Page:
I’m saying that we all can’t stereotype people and their circumstances.

    It seems to be a big thing on this site.

  71. ELC says:

    @thegirls:they probably mean that the poor will “actually” be hit by this b/c 99% of the time when the media says “the hardest hit will be the poor and the seniors” it’s a crock. It’s just a typical, usually liberal, tactic to incit fear and uncertainty so that they can rely on the guvment to save them! save me, save me! I’m a moron. I don’t know how to manage money. I’m on a “fixed income” (as if most people weren’t – hello, job, salary…). blah, blah..

  72. JustThatGuy3 says:

    @Tickthokk:

    That’s just the issue – banks/credit unions _won’t_ give you a $100 loan – the size is just too small to justify the processing fees. This is also what makes the interest rates on payday loans so high.

    Think of this: you’re a payday lender, with a ZERO default rate. Nothing, nada, everybody pays on time. You have no costs other than your staff (who you pay minimum wage) and the costs of borrowing the money you lend out (assume you’re paying about 8% interest, pretty typical for securitised consumer loans at this point).

    You’re going to lend someone $100 for a month. At 28% interest, you’re going to get 100*.28/12= $2.33 in interest from them.

    On the cost side, you’re going to pay 100*.08/12=$0.67 in interest to borrow the money you’re lending, so you’re making $1.66 in profit.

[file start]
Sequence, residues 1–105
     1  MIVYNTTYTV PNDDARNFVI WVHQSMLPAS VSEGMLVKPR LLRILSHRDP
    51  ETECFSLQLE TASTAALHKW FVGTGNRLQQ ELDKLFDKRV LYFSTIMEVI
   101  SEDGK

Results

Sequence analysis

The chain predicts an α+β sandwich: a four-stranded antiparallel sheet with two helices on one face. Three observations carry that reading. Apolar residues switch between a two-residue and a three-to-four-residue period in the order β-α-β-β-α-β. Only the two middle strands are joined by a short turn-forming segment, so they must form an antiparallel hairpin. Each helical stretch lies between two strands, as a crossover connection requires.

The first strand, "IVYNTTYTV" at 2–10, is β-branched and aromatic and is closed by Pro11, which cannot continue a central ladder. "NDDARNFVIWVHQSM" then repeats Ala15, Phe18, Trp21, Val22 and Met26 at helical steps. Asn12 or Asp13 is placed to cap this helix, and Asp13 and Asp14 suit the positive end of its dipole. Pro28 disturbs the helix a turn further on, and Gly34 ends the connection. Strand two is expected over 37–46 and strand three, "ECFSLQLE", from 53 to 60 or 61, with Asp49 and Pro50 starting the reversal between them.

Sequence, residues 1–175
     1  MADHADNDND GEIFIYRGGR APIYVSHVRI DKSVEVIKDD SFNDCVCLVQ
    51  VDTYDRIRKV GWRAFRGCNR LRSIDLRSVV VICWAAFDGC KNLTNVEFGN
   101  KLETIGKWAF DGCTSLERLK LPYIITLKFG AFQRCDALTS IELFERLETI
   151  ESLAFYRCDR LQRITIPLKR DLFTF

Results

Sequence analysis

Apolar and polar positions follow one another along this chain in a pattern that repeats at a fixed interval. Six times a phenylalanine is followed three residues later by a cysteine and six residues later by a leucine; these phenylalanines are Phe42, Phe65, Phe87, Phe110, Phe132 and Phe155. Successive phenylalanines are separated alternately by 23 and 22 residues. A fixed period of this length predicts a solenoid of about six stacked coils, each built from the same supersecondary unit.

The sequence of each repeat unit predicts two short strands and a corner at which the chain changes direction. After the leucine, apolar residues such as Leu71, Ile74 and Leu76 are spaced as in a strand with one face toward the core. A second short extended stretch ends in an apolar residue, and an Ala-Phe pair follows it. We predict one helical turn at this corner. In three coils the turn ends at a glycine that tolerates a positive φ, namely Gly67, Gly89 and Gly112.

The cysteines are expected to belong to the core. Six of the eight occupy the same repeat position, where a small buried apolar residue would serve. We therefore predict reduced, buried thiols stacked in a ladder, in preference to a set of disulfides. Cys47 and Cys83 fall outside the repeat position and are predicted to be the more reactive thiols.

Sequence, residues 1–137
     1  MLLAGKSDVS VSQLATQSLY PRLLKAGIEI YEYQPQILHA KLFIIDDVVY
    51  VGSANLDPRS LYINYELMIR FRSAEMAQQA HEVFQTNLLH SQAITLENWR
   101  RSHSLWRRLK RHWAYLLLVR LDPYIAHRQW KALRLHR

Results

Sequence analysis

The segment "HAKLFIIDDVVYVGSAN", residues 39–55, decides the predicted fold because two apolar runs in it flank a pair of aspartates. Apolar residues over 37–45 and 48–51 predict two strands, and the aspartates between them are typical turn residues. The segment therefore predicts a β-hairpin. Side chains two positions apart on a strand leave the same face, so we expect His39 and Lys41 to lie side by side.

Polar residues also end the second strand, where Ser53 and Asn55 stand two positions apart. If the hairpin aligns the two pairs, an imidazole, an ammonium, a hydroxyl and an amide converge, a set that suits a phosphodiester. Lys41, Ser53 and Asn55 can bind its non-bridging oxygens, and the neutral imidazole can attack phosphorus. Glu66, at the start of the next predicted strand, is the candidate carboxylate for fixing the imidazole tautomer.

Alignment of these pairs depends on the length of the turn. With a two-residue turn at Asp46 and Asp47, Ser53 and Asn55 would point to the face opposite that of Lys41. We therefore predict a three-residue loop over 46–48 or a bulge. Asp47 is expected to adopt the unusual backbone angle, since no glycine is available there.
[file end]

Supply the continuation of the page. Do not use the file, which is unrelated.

Now, you have to pay your staff. Say it takes 10 minutes to issue the loan and 5 minutes to handle the repayment, so 15 minutes total. At Ohio’s minimum wage ($7/hr), you’re going to pay 7*.25=$1.75 in labor costs to process that loan. Congratulations, you’ve just lost $0.09.

    This analysis doesn’t take into account (a) the astronomical default rate, (b) the other costs of running the business (rent, power, etc.), the fact that you have to pay social security tax, medicare, etc. etc. for your employees, and the like.

  73. humphrmi says:

    @JustThatGuy3: A financially savvy person would borrow whatever the minimum the bank or credit union offers him or her, and then use what they need and put the rest in as high-yielding interest-bearing account as they can find for the term of the loan. Then pay back the loan from the principle and interest in the savings account, and just make up the difference (between the interest you pay and the interest you earn) at the end. And I bet it still comes up to less than what the loan sharks charge.